Dill Pickle Spears
These classic spears are crisp, sour, and a sandwich's best friend. Like most pickles, they'll reach their best flavor and texture after three weeks in the jars.
Old-Fashioned Mustard Pickles
Traditionally, the vegetables are salted and left to soften. Instead, we blanched them to tenderize before pickling.
Try these sweet-and-sour pickles on sandwiches, in deviled eggs, or straight out of the jar.
Squash Pickle Medley
This colorful blend mimics bread-and-butter pickles--sweet, tart, and squeaky-crisp--even though it contains no cucumbers. Use the freshest zucchini and yellow squash you can find, free of blemishes and with no hint of limpness, for the crispiest results.
Quick Confetti Pickles
No time to can? No problem. These refrigerator pickles are easy--and so colorful that you'll want to shingle them on buttered brown bread or put them in a glass bowl just to show them off. Standard radishes will do, but slender, carrotlike icicle radishes from the farmers' market are easier to slice.
Thyme sprigs add a nice flavor to these tangy pickled melon slices.
Pickled Jalapeño Slices
If you like things hot, you'll love these fiery pickles. They're ideal as a final atomic flourish on tacos, nachos, and huevos rancheros. If you prefer milder pickled peppers, cut off the stem ends, and scoop or tap out some of the seeds before slicing the peppers.
Pickled Cherries with Tarragon and Vanilla
Chef Renee Erickson, owner of several Seattle restaurants and of Boat Street Pickle company, gave us the recipe for this bright, sweet-sour pickle. She uses fresh sour cherries (with the stems is especially pretty), but sweet Bings work well too--and so do frozen cherries of either type.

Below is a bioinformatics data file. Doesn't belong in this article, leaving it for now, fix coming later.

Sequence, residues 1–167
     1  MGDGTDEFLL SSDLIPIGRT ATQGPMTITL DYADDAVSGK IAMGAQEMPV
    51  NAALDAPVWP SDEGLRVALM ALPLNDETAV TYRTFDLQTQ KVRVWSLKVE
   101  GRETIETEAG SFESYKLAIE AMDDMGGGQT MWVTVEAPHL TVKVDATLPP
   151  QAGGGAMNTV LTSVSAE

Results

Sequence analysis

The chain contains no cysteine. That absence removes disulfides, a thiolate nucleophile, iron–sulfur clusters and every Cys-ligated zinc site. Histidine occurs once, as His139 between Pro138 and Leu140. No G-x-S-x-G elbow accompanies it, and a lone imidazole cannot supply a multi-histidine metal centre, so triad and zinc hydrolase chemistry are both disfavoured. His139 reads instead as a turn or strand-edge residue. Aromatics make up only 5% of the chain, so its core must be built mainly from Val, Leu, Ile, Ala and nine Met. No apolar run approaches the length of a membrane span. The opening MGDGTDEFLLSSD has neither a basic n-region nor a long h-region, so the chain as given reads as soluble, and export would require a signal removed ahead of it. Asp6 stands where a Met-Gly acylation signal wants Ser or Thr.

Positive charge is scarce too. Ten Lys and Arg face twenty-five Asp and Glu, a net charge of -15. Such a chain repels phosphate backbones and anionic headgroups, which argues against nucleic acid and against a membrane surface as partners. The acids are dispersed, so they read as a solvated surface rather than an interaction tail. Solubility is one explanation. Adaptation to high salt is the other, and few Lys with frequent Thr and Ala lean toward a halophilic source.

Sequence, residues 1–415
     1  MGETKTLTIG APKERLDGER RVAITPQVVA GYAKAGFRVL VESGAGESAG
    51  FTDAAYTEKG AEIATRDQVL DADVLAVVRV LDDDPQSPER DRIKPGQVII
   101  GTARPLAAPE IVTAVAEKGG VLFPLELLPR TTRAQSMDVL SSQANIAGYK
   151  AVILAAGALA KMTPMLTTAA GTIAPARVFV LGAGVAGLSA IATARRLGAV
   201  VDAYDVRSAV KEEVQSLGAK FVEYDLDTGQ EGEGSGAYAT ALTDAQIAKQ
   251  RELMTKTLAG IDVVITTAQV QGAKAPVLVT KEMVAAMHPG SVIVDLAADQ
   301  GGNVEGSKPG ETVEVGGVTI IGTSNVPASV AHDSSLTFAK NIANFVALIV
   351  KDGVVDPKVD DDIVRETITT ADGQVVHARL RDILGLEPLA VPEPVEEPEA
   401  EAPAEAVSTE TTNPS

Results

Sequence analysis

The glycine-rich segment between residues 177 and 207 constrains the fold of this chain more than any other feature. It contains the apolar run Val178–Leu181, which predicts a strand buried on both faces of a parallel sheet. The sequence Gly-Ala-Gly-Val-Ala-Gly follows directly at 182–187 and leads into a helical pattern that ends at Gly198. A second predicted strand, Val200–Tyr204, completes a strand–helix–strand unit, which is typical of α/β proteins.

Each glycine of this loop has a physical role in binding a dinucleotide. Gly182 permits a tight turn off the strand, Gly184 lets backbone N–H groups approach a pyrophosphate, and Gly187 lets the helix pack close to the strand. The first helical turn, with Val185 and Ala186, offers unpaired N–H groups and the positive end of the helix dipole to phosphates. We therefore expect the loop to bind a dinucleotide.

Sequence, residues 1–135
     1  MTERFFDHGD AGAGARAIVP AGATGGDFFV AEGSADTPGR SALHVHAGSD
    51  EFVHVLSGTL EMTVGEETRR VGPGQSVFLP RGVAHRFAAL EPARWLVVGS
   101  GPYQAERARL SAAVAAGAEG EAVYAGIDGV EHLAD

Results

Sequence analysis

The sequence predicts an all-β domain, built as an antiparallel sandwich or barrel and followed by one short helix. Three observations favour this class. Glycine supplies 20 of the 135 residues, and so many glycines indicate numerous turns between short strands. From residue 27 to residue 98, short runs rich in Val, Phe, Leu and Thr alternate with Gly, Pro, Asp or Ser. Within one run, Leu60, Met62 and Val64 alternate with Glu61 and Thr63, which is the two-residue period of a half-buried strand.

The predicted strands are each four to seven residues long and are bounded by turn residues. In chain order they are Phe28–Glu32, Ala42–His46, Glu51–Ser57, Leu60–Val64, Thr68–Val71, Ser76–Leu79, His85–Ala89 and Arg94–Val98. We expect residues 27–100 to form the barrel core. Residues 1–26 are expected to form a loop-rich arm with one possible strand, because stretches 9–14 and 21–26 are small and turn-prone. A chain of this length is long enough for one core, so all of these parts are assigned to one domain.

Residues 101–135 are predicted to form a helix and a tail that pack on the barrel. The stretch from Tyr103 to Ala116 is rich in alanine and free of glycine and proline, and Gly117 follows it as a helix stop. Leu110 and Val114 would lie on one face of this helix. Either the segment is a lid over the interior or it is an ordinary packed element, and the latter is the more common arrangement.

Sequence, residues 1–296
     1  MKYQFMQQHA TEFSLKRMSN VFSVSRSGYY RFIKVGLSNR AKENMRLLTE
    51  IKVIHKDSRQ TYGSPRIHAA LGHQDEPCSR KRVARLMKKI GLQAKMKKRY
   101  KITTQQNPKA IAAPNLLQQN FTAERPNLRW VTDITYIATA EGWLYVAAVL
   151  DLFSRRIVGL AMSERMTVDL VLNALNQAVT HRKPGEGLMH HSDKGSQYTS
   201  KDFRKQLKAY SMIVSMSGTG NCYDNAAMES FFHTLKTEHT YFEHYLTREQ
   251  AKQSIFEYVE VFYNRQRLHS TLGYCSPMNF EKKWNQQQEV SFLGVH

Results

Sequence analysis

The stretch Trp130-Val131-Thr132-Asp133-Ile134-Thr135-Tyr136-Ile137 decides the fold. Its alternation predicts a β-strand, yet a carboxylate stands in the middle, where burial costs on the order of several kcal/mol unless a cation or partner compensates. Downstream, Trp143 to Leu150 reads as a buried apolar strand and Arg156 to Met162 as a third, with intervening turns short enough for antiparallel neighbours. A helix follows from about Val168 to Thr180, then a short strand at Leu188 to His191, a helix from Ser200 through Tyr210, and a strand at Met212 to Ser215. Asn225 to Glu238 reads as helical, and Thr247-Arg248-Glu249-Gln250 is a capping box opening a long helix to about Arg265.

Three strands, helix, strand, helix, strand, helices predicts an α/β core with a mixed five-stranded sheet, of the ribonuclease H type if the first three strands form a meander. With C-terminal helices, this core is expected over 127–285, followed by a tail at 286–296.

Use fresh mint, if you can, to add a coolness to the tang of these pickled peaches.
These addictively crunchy sticks would make a mighty fine Bloody Mary garnish. Wide-mouth jars are your friend here. When placing beans into jars, try squeezing them into a tight bunch before pushing them down inside.
Pickled Garlic with Chiles
Try these crunchy cloves in dirty martinis and anywhere you'd use fresh garlic. The garlic is mellowed and crisped by pickling and enhanced by hot peppers, and the hit of vinegar brightens any savory dish.
Pickled Golden Beets
This recipe works with red beets, too, but golden beets are less likely to stain your fingers or your apron.
Pickled Mushrooms with Garlic and Thyme
Chef Renee Erickson, owner of several Seattle restaurants and of Boat Street Pickle company, gave us the recipe for these bracing pickles. She likes to eat them right from the jar, tossed with a little olive oil, or serve them with roasted chicken. She also recommends using them in a bloody Mary skewer.
Pickled Dilled Beans
Crushed red pepper gives these beans a kick. A mix of green and yellow beans makes for a pretty jar.
Fresh rosemary adds dimension to the tartness of these pickled strawberries.
Red Onion Pickles with Peppercorns
These may be the most versatile pickles you can make. "They're a natural for sandwiches, and of course burgers, but they're also great with smoked fish," says chef Renee Erickson, owner of several Seattle restaurants and of Boat Street Pickle company.
Pickled Pearl Onions
Use these crisp, tart onions as sandwich toppers, martini garnishes, or interesting additions to meat-and-cheese platters.
Okra shrink and float when pickled. To get the most in each jar, pack one layer of okra with stem ends down and tips up and another layer with stem ends up and tips down, interlacing the tips in the middle of the jar.
Pickled Peppers & Onions
This medley of bell peppers and red onion is the perfect accompaniment to a sandwich or an appetizer tray.
You need to trim the asparagus to fit your jars, but you needn't discard the tender trimmings. Chop them evenly, blanch or sauté, and add to spring pasta or egg dishes.